From Washington to Frankfurt to London and beyond, central bankers are approaching their final decisions of the year against a backdrop of unease at how the global

inflation cycle

is turning.
Policymakers from fully half of the Group of 10 jurisdictions of most-traded currencies are scheduled to meet in the coming days, and interest rates for 60% of the world economy will be set in a whirlwind 60-hour window.

Most notable will be the

US Federal Reserve

on Wednesday, followed on Thursday by central banks including those of the eurozone and the UK.

Screenshot 2023-12-11 020039

With the exception of Norway — which may conceivably raise borrowing costs — most monetary officials are confronting financial-market pressures to explain why they seem unhurried about pivoting to monetary easing.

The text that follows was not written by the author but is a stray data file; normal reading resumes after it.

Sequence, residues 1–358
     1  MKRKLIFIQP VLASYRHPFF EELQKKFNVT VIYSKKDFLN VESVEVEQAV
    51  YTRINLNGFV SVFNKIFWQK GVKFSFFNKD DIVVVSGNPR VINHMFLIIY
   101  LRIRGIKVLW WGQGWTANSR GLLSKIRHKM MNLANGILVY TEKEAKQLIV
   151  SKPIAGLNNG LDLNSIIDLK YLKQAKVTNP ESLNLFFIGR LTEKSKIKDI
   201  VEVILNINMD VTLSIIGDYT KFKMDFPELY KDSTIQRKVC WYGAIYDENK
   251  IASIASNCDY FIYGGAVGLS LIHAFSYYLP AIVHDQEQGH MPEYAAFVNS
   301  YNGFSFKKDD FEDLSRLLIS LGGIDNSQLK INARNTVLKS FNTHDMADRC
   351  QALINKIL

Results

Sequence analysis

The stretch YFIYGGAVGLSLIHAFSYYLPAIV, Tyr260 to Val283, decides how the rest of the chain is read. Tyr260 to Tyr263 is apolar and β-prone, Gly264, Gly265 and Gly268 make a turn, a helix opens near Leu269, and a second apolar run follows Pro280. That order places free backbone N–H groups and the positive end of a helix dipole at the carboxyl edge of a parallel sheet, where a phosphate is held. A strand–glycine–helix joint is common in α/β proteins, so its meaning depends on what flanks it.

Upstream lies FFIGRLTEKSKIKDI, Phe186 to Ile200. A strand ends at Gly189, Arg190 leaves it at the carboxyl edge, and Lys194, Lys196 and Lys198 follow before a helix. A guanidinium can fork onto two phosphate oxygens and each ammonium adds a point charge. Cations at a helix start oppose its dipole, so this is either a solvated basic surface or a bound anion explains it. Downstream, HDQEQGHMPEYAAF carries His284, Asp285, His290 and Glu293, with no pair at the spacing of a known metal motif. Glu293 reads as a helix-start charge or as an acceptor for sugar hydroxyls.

Synchronised weakening in inflation data and some evidence of softening economies have prompted investors to ramp up bets on rate cuts in the first half of 2024. That’s a view that could clash with the mantra the Fed and its peers expounded little more than three months ago, of “higher for longer”.

In Latin America, which led the push upwards with rate hikes, most central banks are already on the way down, and Brazil and Peru may both cut in the coming week.

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